Monday, July 11, 2005

Blue laws not blue?

I've been doing some research to keep current on a Business Law course that I am teaching. Apparently blue laws weren't originally written on blue paper as many of us thought they were (at least no credible historical evidence supports this).

Also puzzling to latter-day Americans was the term "blue laws" itself. Why were these regulations called "blue laws"? With no obvious explanation at hand, we invented a satisfying one: these types of laws had originally been printed on blue paper or bound in books with blue covers.

Not so. No one has turned up seventeenth-century sheets of blue paper or blue-bound books containing these laws, nor has anyone found any seventeenth-century references to these regulations as "blue laws." The earliest recorded use of the term didn't appear until well over a century later, when the Reverend Samuel Peters' 1781 book, General History of Connecticut, described onerous colonial laws in the following manner:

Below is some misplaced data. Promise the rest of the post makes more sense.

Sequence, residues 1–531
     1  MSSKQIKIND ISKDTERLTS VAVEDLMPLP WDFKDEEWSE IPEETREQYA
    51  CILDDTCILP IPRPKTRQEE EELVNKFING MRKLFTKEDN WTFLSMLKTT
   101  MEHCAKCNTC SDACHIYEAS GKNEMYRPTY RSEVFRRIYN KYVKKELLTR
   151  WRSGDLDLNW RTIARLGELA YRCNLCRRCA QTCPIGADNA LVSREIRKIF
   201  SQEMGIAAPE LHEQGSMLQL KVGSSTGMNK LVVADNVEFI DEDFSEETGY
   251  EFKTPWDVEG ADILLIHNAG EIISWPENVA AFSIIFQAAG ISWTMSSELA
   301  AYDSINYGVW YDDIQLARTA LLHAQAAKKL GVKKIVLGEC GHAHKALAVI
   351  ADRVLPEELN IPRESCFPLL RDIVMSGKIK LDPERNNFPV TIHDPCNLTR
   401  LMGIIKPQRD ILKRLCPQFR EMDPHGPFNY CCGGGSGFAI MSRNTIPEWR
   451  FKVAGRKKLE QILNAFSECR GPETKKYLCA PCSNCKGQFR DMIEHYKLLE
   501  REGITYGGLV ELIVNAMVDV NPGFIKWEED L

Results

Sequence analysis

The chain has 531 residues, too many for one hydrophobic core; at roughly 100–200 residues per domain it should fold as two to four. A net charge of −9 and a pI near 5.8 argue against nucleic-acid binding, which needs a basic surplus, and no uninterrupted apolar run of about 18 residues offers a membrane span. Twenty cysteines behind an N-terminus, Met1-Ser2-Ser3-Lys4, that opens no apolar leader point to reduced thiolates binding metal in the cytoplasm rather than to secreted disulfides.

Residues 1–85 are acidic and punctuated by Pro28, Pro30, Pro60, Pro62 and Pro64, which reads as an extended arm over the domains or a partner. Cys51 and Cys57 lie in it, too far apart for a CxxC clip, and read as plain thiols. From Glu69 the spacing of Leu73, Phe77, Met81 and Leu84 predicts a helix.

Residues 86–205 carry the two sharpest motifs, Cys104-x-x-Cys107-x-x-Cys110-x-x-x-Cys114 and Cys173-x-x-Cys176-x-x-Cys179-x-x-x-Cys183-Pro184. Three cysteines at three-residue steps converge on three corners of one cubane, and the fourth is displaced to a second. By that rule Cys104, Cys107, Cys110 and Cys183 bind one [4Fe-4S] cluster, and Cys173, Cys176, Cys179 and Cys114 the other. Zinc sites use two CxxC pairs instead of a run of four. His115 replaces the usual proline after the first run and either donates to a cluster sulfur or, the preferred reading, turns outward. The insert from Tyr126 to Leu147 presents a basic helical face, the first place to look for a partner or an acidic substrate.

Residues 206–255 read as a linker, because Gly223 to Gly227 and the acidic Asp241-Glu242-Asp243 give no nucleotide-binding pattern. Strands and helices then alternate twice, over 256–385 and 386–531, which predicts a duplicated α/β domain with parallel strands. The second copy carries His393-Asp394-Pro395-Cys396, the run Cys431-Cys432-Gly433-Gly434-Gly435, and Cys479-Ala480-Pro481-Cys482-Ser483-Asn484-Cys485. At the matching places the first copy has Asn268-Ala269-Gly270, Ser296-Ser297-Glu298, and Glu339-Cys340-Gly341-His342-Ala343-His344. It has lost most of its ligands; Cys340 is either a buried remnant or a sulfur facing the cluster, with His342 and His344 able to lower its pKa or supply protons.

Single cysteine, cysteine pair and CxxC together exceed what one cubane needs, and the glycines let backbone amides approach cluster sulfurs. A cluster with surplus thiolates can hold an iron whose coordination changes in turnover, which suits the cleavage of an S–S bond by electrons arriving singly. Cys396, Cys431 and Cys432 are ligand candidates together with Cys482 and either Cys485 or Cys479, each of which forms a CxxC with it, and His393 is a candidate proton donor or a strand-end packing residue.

Blue Laws; i.e. bloody Laws; for they were all sanctified with whipping, cutting off the ears, burning the tongue, and death.

(A variant of this tale posits a self-referential origin for the term by claiming that Peters' book itself was printed on blue paper!)

Although Peters maintained that early colonists did refer to these laws as "blue laws," he did not claim that the name was taken from the paper they were printed on, nor is there any evidence of an earlier usage of the term than his own. Since parts of Peters' book (such as his list of forty-five putative "blue laws") have since been found unreliable, it's possible he may simply have invented the term "blue laws" himself. If not, the term most likely derived from an eighteenth-century usage of the word "blue" as a disparaging reference to something perceived as "rigidly moral" (a "bluenose," for example, is one who advocates a rigorous moral code), not from the color of the material on which the laws themselves were printed.

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